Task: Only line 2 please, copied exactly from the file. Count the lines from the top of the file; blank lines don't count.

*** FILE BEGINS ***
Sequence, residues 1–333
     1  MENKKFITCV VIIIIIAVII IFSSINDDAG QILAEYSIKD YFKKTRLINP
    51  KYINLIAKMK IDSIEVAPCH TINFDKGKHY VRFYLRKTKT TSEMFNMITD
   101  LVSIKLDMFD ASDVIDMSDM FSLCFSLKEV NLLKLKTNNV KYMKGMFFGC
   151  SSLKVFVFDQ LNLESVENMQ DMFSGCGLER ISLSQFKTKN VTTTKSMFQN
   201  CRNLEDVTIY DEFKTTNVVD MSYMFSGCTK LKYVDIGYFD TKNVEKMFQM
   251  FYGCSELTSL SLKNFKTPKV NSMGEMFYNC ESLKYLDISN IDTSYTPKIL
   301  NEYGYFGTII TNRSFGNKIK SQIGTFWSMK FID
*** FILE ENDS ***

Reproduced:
     1  MENKKFITCV VIIIIIAVII IFSSINDDAG QILAEYSIKD YFKKTRLINP